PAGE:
Skip to comments.Lac-Mégantic train disaster leads to charges against MMA Railway and three employees
Posted on 05/13/2014 6:20:41 AM PDT by thackney
Lac-Mégantic train disaster leads to charges against Montreal Maine and Atlantic Railway and three employees
Nearly one year after a runaway train killed 47 people in the Eastern Townships community of Lac-Mégantic, Que., prosecutors have laid criminal negligence charges against the railway and three employees connected to the disaster, including the trains lone engineer.
On Monday, a spokesman for Quebecs director of criminal and penal prosecutions said 47 counts of criminal negligence causing death had been filed against engineer Thomas Harding, manager of train operations Jean Demaitre, railway traffic controller Richard Labrie, as well as the Montreal Maine and Atlantic Railway Ltd., the now-defunct railway at the centre of the disaster.
The trio were arrested by the Sûreté du Québec on Monday afternoon and are set to be charged Tuesday in a Lac-Mégantic courtroom, said Jean Pascal Boucher.
Rene Verret, a spokesman for the Crown, said prosecutors had hoped to announce the charges earlier, but had a number of steps to go through before making a formal announcement late Monday evening.
We had to do so much today we had to get warrants for three people and for the company and then we had to find these people, Mr. Verret said. And of course we had to also inform the families in Lac-Megantic and the person in charge there.
On July 6, 2013, a 72-car train carrying volatile crude oil ploughed into the centre of Lac-Mégantic after rolling downhill for more than 12 kilometres.
An explosion set off by the derailment flattened 40 buildings, killed 47 people and spilled millions of litres of crude oil into the town and nearby lake and river.
Witnesses to the aftermath, including Prime Minister Stephen Harper, would describe the scene as being akin to a war zone.
(Excerpt) Read more at news.nationalpost.com ...
Charges brought in Quebec railway disaster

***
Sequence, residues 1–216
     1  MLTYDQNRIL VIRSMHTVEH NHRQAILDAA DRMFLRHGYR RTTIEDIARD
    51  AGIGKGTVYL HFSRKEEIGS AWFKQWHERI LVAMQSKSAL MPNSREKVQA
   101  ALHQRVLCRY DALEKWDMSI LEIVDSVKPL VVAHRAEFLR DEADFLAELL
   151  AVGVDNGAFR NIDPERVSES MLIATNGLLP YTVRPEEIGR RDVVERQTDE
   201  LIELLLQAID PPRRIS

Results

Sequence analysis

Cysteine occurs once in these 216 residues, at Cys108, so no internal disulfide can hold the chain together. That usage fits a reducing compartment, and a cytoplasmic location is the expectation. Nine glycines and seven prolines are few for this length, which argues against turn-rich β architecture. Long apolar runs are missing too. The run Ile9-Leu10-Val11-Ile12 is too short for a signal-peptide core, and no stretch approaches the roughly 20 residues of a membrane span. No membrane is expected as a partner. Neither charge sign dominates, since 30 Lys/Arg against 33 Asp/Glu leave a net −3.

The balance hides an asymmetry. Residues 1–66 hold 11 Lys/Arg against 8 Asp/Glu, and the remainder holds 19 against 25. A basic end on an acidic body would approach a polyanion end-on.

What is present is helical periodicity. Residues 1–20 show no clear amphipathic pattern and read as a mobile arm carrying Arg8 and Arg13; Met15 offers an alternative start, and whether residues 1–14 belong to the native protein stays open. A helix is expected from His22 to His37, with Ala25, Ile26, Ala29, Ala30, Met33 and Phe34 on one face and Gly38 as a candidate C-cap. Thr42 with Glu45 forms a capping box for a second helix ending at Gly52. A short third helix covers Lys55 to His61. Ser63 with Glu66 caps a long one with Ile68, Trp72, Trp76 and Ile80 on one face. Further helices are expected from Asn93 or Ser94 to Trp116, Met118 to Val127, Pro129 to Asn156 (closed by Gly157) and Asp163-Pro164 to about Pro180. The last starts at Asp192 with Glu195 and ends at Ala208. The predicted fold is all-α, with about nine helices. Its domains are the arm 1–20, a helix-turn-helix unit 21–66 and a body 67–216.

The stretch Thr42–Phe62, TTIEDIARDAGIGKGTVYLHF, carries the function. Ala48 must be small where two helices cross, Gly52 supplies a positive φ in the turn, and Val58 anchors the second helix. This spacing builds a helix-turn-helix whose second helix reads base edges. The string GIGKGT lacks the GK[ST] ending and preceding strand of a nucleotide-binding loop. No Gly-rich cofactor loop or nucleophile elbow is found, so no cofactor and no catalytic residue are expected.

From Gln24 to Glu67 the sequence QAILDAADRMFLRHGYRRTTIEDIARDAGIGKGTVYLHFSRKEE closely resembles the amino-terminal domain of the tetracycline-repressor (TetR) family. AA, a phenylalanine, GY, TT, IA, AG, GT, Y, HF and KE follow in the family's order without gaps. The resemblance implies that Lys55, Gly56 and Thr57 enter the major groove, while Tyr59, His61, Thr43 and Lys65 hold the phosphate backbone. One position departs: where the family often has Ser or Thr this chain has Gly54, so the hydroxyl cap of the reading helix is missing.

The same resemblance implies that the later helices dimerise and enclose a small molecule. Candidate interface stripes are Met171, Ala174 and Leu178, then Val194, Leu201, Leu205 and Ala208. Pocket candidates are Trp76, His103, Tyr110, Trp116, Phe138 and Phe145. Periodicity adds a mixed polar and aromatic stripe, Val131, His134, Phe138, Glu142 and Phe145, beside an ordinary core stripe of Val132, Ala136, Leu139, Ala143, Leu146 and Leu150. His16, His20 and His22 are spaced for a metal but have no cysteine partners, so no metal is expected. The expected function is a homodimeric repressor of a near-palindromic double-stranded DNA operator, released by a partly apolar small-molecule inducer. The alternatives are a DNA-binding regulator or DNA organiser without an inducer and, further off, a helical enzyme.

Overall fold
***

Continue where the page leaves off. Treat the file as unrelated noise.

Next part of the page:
Thomas Walsh, Hardings lawyer, said his client will plead not guilty. Walsh said he had written prosecutors several times asking that Harding to be allowed to turn himself if he was charged. Instead, Walsh said Harding was arrested by a SWAT team that swooped through his home and into his backyard, where he was working on his boat with a son and a friend as he was preparing to watch a Montreal Canadiens playoff game. Police made all three drop to the ground.
It was a complete piece of theatre that was totally unnecessary, Walsh told The Associated Press. I realize that this has been a huge disaster, but this is not necessary for justice to be done. Whatever his legal responsibility may ultimately be this is not an easy thing to live with in the first place.
Prosecutors said in a statement that they decided to file the charges after an analysis of the evidence gathered at the scene. Verret said prosecutors had hoped to announce the charges earlier, but they had to find and arrest those charged as well as inform the families of the victims.
The railroad blamed the engineer for failing to set enough brakes, allowing the train to begin rolling toward the lakeside town of 6,000.
MM&A Railway faces charges in Lac-Mégantic disaster
Bankrupt railroad about to be sold
The arrests came just days before the closing of the sale of the bankrupt railroad.
The $15.85 million sale of Montreal, Maine and Atlantic Railway is expected to close on Thursday in the U.S., but there could be a delay of a few days on a parallel proceeding in Canada. Most of the proceeds will be used to repay creditors.
Eventually, there will be a settlement fund to compensate victims and repay cleanup costs.
The total environmental cleanup alone could end up costing between $200 million and $500 million based on early estimates, and there’s only $25 million in insurance payouts available for wrongful death, personal injury, property damage, fire suppression and environmental impact.
The railroad’s buyer, a subsidiary of New York-based Fortress Investment Group, is changing the railroad’s name to Central Maine and Quebec Railway. The company said it hopes to recapture lost business but has no plans to try to bring back oil shipments. .
Verret said prosecutors had hoped to announce the charges earlier, but said they had to find and arrest those charged as well as inform the families of the victims in Lac-Mégantic.